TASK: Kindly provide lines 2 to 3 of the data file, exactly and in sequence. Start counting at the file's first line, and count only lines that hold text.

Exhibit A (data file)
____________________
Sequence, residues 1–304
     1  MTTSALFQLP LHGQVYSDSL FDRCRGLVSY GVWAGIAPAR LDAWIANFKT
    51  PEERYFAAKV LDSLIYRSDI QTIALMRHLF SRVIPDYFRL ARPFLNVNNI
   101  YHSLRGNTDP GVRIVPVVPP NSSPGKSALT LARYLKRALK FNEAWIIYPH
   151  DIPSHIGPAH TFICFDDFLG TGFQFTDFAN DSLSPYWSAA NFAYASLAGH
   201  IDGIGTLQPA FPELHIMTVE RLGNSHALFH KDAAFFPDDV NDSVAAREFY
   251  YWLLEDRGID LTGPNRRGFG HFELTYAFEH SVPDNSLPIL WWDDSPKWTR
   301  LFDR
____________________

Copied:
     1  MTTSALFQLP LHGQVYSDSL FDRCRGLVSY GVWAGIAPAR LDAWIANFKT
    51  PEERYFAAKV LDSLIYRSDI QTIALMRHLF SRVIPDYFRL ARPFLNVNNI